That does not mean you should bail out of it completely, says John Eckel, a Simsbury, Conn., financial planner. But perhaps you should cut back. Eckel's clients have about 15 percent of their portfolio in small-cap funds now. He thinks that small caps will be weaker than large companies during the foreseeable future because the stocks are expensive and tend to be less profitable than large companies when the U.S. economy is slowing.
So he is whittling exposure to small caps down to 10 percent of a client's portfolio. He's not doing this instantly. He is waiting for a rally in the stock market that carries small-company stocks up about 5 percent. Then he plans to sell at a favorable price. Also, even though a rising market might make it tempting to hold onto the small-company stocks, he won't change his mind because he has a solid reason for his actions.
He says he would do the same thing if a client came to him with more than 5 percent to 10 percent of their money invested in "emerging-market" funds.
These international funds also have been hot for years, which means they could fall the hardest at times of nervousness in the market.
Chicago financial planner Sue Stevens says another vulnerable area is likely to be REITs, or real estate funds. They have been powerful moneymakers over the last five years--climbing about 20 percent on average a year. That's a warning that they have become pricey and could fall hard, especially if a slowing economy causes tenants to resist rent increases in office buildings and shopping centers, or if fewer people stay in hotels.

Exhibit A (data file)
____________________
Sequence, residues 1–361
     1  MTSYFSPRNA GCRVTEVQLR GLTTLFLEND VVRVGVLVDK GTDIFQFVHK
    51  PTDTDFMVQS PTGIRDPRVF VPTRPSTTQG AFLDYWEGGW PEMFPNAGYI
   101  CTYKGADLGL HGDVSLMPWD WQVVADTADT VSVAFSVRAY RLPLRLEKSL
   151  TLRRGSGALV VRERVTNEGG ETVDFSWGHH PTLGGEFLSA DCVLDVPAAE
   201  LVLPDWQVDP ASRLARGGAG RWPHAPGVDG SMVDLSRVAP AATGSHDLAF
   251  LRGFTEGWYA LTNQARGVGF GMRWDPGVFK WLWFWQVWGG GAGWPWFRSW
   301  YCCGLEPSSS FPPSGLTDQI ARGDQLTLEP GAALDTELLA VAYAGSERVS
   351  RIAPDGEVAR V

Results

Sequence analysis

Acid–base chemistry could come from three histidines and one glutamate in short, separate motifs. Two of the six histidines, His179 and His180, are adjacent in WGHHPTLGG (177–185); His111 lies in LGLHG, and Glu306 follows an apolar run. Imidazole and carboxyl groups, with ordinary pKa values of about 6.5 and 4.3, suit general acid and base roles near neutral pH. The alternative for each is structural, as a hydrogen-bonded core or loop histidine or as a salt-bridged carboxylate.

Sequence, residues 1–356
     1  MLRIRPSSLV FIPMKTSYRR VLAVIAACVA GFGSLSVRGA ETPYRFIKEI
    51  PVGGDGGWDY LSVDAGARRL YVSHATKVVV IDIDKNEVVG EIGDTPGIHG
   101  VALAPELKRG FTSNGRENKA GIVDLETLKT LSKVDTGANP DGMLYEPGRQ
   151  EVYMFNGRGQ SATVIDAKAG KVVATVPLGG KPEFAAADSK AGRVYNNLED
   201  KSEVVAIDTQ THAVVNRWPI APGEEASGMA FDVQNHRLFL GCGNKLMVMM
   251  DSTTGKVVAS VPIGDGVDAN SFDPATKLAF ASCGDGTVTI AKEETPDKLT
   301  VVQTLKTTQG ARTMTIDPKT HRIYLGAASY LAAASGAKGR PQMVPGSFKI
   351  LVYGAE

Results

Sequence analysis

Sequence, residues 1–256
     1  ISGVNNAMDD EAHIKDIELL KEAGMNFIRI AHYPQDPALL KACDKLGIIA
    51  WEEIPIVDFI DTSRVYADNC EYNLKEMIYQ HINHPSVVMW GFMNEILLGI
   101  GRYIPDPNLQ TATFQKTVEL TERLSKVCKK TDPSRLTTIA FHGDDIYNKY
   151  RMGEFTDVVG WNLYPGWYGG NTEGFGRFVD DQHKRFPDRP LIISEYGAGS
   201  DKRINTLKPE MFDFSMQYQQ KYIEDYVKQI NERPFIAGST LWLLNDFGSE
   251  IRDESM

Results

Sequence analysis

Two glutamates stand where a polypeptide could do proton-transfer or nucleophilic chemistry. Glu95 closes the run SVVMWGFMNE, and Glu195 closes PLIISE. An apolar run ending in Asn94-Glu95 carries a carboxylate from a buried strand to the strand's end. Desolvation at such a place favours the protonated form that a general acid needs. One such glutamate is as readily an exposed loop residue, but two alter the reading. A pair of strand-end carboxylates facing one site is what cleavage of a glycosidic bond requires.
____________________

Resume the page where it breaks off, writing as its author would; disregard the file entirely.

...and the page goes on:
"I never want people to have more than 10 percent of their money invested in a single sector of the economy," said Stevens. "So if they now have 30 percent of their money in REITs they are taking chances like they were when they held too much technology in 2000."
Ideally, people cut back on high-flyers before downturns like the present one. For example, Stevens was cutting back on small-cap stocks and REITs months ago because they were consuming too large a portion of her clients' funds. She was also moving money out of so-called "value funds," which typically invest in cheap stocks. The popularity of some value stocks over the last five years has made some overly expensive. So Stevens says she moved some money out of small- and large-cap value funds and put it into small- and large-cap growth funds. About 15 percent of the money in each of the categories is now focused on growth stocks, which are relatively inexpensive. She says she added the money to Marsico 21st Century, Wintergreen and Champlain Small Company funds.
Gail MarksJarvis is a Your Money columnist and the author of "Saving for Retirement Without Living Like a Pauper or Winning the Lottery." Contact her at email@example.com.Copyright © 2015, Los Angeles Times